Love at Thirty-two Degrees

By Katherine Larson Katherine Larson
                               I

Today I dissected a squid,
the late acacia tossing its pollen
across the black of the lab bench.
In a few months the maples   
will be bleeding. That was the thing:   
there was no blood
only textures of gills creased like satin,   
suction cups as planets in rows. Be careful
not to cut your finger, he says. But I’m thinking
of fingertips on my lover’s neck   
last June. Amazing, hearts.
This brachial heart. After class,
I stole one from the formaldehyde
& watched it bloom in my bathroom sink
between cubes of ice.


                               II

Last night I threw my lab coat in the fire   
& drove all night through the Arizona desert   
with a thermos full of silver tequila.

It was the last of what we bought   
on our way back from Guadalajara—
desert wind in the mouth, your mother’s   
beat-up Honda, agaves   
twisting up from the soil
like the limbs of cephalopods.

Outside of Tucson, saguaros so lovely
considering the cold, & the fact that you   
weren’t there to warm me.
Suddenly drunk I was shouting that I wanted to see the stars   
as my ancestors used to see them—

to see the godawful blue as Aurvandil’s frostbitten toe.


                               III

Then, there is the astronomer’s wife   
ascending stairs to her bed.

The astronomer gazes out,   
one eye at a time,

to a sky that expands   
even as it falls apart

like a paper boat dissolving in bilge.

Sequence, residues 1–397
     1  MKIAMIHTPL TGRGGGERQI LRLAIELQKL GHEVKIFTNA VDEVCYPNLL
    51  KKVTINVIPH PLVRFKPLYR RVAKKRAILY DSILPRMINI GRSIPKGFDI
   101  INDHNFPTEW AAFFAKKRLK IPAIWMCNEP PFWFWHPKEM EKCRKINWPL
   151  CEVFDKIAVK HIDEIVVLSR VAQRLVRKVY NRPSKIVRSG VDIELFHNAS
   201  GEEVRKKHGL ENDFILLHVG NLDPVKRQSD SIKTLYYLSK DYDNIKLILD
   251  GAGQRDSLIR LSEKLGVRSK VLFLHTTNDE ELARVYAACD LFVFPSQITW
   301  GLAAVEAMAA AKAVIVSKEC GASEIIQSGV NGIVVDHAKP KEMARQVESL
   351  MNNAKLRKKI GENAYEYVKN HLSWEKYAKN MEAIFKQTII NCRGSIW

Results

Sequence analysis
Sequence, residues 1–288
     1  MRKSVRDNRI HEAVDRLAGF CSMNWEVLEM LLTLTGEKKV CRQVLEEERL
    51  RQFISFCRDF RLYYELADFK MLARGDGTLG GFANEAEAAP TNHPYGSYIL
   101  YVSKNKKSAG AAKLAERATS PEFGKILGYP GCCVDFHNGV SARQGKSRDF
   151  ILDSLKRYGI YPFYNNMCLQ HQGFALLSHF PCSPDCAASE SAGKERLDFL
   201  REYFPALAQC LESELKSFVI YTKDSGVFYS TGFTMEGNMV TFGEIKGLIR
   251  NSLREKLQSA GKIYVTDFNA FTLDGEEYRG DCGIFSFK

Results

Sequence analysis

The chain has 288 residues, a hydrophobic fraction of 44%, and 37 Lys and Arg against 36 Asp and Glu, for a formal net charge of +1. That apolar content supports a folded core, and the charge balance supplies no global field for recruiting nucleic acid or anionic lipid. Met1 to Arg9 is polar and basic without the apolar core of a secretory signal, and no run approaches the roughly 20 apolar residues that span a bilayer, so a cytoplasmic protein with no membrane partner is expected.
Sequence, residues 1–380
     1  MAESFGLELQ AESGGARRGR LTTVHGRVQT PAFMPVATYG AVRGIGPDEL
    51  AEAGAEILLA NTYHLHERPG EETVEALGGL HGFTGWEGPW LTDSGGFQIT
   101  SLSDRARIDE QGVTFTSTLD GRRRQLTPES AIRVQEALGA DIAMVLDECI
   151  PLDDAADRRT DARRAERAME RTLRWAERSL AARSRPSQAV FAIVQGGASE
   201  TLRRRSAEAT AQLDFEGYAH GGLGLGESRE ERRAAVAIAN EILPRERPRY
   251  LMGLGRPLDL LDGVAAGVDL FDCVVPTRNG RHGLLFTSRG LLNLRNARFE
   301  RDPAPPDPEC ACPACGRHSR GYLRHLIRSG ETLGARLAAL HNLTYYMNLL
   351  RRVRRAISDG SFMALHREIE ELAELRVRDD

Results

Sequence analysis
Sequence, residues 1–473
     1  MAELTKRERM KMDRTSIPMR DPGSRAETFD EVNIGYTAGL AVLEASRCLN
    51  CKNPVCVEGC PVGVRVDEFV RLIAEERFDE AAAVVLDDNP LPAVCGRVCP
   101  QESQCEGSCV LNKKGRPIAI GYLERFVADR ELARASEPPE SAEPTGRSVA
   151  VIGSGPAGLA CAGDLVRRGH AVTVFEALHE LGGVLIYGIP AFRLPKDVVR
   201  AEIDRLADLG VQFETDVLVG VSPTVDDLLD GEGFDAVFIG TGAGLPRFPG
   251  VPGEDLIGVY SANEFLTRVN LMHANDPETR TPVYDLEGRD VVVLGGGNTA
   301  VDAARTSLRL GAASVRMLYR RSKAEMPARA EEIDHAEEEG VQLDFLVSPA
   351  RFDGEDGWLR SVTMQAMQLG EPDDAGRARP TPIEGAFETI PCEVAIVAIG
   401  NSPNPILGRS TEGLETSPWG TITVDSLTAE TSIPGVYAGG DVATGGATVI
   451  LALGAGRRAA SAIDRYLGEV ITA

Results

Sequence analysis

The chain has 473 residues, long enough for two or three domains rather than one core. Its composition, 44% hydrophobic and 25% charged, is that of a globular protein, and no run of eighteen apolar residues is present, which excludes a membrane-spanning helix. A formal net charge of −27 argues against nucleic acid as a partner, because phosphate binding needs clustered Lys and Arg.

Furious, fuming stars.

When his migraine builds &
lodges its dark anchor behind

the eyes, he fastens the wooden buttons
of his jacket, & walks

outside with a flashlight
to keep company with the barn owl   

who stares back at him with eyes
that are no greater or less than

a spiral galaxy.
The snow outside

is white & quiet
as a woman’s slip

against cracked floorboards.
So he walks to the house

inflamed by moonlight, & slips
into the bed with his wife   

her hair & arms all
in disarray

like fish confused by waves.


                               IV

Science—

beyond pheromones, hormones, aesthetics of bone,
every time I make love for love’s sake alone,

I betray you.

Katherine Larson, “Love at Thirty-two Degrees,” from Poetry (March 2006). Copyright © 2006 by Katherine Larson.

Source: Poetry (March 2006).

 Katherine  Larson

Biography

Katherine Larson is the author of Radial Symmetry (2011), selected by Louise Glück as the winner of the Yale Series of Younger Poets. She holds degrees from The University of Arizona and the University of Virginia. In addition to writing, she has worked as a molecular biologist and field ecologist.
 
In her introduction to Radial Symmetry, Louise Glück writes, “Larson’s repose is also a quivering suspension, in which multiple . . .

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Poems by Katherine Larson

Poem Categorization

SUBJECT Arts & Sciences, Relationships, Nature, Activities, Landscapes & Pastorals, Love, School & Learning, Sciences, Realistic & Complicated

POET’S REGION U.S., Southwestern

Poetic Terms Imagery, Mixed

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